Notebook/portable computer owners especially should consider computer-specific insurance which covers not only fire and theft but also problems which conventional homeowners/renters insurance won't, like hardware damage (dropping) and a wider range of theft circumstances. One well-known computer insurance is SafeWare. (www.safeware.com) Be sure to check whether coverage applies to where your computer will be -- especially if the computer's going out of the country.

Be sure to save a copy of receipts -- and possibly some photos -- in a separate location such as a safety deposit box.

Step 8: Do These Chores Regularly

Here are some preventative maintenance tasks you should do on a regular basis. Some you should be able to have your computer schedule to do automatically, assuming you leave your system on most of the time.

  • Regular backups. Do data backups daily if possible, weekly at minimum. And especially before installing any new software. (Do a full system backup first as well, if you can.) Be sure to check the backups to make sure they worked -- e.g., see if you can find and view a file you've recently created.
  • Periodic full scans for viruses.
  • Virus updates. This should be done daily. Good virus software will do this automatically.
  • Periodic disk maintenance (such as Windowsč scandisk). Warning, this can take a while, plan the first one for when you can leave the computer on but unused for several hours!
  • Operating system and application updates (although these updates sometimes can cause more problems than they solve/prevent).

Step 9: Consider Stocking Spare Parts

Keep an extra keyboard and mouse on hand -- the one you use is likely to break, or get coffee spilled on it, at a critical time when the stores are closed or you don't have the time to go out and buy a replacement.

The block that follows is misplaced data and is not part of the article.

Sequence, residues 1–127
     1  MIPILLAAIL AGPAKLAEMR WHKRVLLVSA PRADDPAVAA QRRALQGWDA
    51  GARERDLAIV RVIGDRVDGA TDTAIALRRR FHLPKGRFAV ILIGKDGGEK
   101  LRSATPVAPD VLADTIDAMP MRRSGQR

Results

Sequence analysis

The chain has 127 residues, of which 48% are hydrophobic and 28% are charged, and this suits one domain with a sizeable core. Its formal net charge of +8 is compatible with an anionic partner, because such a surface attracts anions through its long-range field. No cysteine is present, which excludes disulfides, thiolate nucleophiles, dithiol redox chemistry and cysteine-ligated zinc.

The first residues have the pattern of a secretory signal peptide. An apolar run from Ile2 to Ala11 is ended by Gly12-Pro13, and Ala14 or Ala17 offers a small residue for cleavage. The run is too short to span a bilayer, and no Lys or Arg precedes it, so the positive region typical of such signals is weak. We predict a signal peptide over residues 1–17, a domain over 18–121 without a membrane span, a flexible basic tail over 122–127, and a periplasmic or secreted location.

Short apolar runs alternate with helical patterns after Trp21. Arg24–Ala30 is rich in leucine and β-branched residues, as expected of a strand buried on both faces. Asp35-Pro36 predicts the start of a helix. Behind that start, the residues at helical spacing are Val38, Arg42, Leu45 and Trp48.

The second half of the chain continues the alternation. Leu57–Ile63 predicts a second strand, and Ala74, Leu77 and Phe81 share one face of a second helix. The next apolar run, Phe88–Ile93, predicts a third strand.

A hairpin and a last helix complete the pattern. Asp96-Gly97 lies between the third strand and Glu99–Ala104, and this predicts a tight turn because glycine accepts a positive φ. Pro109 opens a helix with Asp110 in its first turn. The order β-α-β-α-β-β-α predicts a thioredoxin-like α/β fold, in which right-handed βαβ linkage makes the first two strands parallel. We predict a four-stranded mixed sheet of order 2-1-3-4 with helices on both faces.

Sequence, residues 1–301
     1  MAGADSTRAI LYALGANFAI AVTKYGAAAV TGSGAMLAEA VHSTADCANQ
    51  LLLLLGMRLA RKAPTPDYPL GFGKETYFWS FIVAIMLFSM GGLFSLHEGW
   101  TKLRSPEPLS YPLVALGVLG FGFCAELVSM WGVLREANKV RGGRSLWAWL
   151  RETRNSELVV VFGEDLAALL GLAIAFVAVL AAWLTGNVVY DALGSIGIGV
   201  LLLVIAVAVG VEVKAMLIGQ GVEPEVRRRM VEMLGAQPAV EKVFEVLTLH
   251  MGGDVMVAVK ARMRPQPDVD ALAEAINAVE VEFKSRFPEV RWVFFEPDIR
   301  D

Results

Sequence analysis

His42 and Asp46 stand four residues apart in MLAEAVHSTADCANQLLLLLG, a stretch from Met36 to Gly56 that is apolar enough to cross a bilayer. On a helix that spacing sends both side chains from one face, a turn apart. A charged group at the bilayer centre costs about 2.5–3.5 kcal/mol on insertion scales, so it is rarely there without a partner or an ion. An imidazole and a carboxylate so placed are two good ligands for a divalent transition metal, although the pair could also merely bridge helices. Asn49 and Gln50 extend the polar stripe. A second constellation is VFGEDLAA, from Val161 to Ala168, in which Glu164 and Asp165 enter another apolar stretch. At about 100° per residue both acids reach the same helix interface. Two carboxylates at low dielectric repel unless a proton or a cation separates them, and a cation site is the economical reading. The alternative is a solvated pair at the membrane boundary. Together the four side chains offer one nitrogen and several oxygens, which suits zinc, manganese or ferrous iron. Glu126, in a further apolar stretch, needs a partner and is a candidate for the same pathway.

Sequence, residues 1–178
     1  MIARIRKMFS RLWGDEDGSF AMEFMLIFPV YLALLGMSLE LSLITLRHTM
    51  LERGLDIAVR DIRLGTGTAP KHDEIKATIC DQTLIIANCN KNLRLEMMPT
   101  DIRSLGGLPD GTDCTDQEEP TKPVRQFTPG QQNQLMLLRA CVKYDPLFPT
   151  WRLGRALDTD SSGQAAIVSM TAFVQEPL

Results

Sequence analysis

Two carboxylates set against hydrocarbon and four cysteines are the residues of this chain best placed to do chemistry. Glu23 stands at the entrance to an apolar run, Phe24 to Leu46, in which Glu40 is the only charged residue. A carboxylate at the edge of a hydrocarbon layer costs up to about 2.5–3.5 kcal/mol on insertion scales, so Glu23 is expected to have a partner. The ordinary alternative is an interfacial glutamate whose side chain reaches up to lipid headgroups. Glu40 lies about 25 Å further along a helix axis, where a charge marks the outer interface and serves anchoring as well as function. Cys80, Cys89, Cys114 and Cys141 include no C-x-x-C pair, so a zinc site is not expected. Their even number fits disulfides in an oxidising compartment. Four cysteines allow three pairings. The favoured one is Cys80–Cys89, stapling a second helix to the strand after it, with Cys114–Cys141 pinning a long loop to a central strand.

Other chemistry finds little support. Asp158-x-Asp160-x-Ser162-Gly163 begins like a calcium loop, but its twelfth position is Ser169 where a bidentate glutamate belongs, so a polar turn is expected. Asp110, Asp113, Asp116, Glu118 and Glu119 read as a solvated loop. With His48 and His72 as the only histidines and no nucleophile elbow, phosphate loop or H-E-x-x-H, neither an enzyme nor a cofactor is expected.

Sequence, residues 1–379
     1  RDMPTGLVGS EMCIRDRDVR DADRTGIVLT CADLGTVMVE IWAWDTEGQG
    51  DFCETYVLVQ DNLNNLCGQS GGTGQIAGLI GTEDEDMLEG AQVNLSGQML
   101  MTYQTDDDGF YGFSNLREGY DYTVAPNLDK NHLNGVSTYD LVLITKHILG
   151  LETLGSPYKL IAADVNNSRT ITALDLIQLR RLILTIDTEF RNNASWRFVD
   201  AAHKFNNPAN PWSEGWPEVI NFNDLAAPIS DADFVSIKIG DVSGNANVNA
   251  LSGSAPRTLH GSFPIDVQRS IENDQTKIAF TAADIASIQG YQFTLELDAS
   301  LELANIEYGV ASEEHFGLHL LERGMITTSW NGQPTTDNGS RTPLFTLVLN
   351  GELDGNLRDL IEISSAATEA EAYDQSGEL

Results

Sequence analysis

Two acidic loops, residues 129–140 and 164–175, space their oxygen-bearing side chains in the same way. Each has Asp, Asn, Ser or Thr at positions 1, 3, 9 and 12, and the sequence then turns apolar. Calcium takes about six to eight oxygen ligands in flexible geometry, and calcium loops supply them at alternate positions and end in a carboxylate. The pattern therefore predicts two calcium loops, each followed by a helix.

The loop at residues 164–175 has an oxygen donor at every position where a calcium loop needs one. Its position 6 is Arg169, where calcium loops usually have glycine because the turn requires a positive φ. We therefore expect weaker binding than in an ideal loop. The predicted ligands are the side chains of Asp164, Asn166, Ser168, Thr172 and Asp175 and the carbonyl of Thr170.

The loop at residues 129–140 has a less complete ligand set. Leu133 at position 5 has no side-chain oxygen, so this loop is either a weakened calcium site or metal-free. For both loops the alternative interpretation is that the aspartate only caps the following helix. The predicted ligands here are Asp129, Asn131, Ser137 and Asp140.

If you use a notebook computer, also consider:

  • An extra A/C adapter, in case you lose or leave behind your main one while traveling.
  • A second battery, for coping with long meetings, classes or plane trips.
  • "Grip-it" strips, which make it harder for a notebook to slip out of your hands.
  • A carrying case -- preferably one that doesn't scream out "I've got a computer inside me!"

Step 10: Pay Attention

A lot of computer problems are due to PEBKAC -- "Problem Exists Between Keyboard and Chair." Don't be too quick to click on things. Read error messages and alerts; when in doubt, take your fingers away from the keyboard and mouse and re-read what's on-screen. If you're still not sure what to do, call somebody.

And remember the classic advice, "If rebooting solves it, it wasn't a problem."


Daniel P. Dern (ddern@world.std.com) is a freelance technology writer. Most recently he was Executive Editor of Byte.com. His web site is www.dern.com.

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Last modified: Monday, 09-Feb-2004 10:08:23 EST